Source: Dr Francois Siebrits, SAPPO Weekly Update 14 May 2021, photo credit: South African Reserve Bank
The South African consumer can rest assured that everything possible is done by the industry to limit the incidence of boar taint and that our pork compares favourably with the best in the world, says Dr Francois Siebrits of SAPPO’s Research Committee. He explains why and discusses recent research in this regard.
Boar taint is mainly caused by a compound called androstenone, formed in the testes of some entire male pigs after puberty and which may end up in the fat of some individuals.
There are also two other compounds namely skatole and, to a lesser degree, indole which are formed by microbial action in the hind gut, which may also end up in the fat.
When fat with androstenone is heated, an unpleasant urine like odour is released, which can be smelled by 90% women and 50% men. Skatole and indole result in an offensive faecal like odour, which is volatile and fortunately lost during cooking.
Skatoles and indoles are excreted in the faeces and pigs lying in dirty pens with inadequate flooring and cleaning absorb these volatile compounds through their skins from where it is deposited in the subcutaneous fat tissues.
They can therefore be limited by good management practices such as modified nutrition and clean pens. “Boar taint” may in some cases also occur in females and castrates. Most of South Africa’s pig producers comply with Pork 360 standards, which, among others, require clean pens.
In the past, this problem was prevented by castration, but this practise was stopped internationally for animal welfare reasons. Also, castrated animals grow slower, need more feed, and become fatter than entire males.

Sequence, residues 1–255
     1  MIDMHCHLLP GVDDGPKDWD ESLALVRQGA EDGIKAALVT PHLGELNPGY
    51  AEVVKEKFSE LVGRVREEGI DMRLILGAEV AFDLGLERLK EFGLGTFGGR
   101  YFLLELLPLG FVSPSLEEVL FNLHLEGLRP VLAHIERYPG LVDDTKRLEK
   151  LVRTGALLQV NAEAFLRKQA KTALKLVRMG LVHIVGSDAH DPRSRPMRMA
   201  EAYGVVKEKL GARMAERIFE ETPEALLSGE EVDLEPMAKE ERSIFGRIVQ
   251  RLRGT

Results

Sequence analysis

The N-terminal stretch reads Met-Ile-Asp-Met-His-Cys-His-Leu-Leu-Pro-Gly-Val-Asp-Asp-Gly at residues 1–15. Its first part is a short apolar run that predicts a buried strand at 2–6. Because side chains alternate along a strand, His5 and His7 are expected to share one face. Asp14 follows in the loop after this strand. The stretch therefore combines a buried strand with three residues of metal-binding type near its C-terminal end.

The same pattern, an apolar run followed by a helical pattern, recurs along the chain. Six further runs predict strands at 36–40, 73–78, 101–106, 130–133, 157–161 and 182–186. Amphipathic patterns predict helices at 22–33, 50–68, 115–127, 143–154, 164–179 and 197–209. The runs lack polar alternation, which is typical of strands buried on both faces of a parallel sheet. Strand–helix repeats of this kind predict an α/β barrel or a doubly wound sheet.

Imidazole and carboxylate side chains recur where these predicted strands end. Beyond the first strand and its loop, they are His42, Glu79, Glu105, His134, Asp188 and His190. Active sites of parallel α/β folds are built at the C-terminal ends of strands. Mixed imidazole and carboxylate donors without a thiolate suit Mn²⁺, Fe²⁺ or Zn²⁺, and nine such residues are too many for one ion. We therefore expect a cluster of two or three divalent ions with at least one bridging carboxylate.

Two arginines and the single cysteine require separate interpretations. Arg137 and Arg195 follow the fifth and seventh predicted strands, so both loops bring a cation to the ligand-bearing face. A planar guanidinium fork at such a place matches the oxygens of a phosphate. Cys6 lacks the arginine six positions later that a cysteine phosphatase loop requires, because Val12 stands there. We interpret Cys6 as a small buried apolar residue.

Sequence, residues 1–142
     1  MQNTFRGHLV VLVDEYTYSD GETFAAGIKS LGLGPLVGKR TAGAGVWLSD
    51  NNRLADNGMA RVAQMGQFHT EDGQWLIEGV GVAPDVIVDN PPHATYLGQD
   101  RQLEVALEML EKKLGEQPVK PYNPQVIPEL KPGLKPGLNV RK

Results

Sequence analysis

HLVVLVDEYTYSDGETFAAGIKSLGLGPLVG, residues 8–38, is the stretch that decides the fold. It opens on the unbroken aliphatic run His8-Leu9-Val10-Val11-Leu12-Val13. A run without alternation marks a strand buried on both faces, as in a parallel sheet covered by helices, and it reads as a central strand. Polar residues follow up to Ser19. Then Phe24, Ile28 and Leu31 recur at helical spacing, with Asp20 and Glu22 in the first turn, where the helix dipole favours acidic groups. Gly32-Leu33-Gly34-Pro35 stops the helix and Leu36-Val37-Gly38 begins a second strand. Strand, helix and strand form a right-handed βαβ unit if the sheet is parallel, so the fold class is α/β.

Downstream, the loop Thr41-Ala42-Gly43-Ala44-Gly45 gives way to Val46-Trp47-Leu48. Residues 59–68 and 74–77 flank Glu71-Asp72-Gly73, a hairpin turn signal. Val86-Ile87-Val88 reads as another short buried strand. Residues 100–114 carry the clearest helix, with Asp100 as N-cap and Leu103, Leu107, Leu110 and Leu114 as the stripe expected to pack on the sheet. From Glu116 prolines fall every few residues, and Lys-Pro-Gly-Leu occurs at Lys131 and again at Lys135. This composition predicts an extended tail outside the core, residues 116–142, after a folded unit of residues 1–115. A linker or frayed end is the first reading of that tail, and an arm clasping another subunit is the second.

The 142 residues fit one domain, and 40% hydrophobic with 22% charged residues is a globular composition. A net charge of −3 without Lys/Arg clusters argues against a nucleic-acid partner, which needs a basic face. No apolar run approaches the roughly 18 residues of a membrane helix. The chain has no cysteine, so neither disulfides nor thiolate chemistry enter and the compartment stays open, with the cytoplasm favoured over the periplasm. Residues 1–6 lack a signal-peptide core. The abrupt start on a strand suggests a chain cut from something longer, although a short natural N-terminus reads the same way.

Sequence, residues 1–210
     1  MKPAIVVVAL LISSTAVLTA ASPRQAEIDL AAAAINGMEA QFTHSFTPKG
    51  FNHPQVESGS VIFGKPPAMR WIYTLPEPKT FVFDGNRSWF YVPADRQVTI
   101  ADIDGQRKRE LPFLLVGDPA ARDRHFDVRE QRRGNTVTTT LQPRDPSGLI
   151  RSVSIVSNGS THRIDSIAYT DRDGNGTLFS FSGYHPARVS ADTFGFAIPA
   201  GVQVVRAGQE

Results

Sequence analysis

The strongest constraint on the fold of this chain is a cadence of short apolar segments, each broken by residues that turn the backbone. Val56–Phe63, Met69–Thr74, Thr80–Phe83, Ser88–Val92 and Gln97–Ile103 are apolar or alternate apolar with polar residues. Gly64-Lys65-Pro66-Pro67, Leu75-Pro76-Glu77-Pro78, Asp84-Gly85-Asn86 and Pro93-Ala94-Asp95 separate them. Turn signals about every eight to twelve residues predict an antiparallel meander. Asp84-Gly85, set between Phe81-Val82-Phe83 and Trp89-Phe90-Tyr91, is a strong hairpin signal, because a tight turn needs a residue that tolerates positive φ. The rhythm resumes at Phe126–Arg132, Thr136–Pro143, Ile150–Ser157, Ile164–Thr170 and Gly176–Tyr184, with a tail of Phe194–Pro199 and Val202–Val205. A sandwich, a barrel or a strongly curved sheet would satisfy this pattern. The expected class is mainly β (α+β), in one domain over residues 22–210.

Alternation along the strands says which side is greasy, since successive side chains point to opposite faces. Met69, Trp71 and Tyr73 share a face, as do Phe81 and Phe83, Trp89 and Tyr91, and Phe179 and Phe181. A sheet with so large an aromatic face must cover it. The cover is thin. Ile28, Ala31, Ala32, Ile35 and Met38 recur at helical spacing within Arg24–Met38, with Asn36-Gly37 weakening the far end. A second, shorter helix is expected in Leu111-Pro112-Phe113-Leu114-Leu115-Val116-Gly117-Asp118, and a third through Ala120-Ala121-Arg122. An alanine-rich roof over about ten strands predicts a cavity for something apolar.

All these factors encourage the producer to rather produce entire males. New technology where boars are immunised against androstenone production has been developed and is starting to be used. This requires two immunisations.
The incidence of boar taint is related to weight of the animal. Heavier (older) animals have reached puberty and therefore sex hormone production has started. There is also a genetic effect. Some breeds are more prone to produce boar taint.
Some of the international breeding companies have embarked on an active selection strategy against boar taint. Internationally figures of “about 4%” were mentioned but there are genetic differences.
There is also individual variation between animals in the concentration of odorous compounds. Certain breeding companies found incidences of only 2.3% in certain lines. This means that there is scope for further selection.
One of these lines was used in a recent study in South Africa where 175 heavy carcasses (106-118 kg warm carcass weight) slaughtered at 26 weeks age were tested for boar taint. Only one was slightly odorous.
The South African classification system stipulates that no carcass over 100 kg may be used in the fresh meat market. Such carcasses are classified as sausage pigs and sell at lower prices.
The South African consumer can rest assured that everything possible is done by the industry to limit the incidence of boar taint and that our pork compares favourably with the best in the world.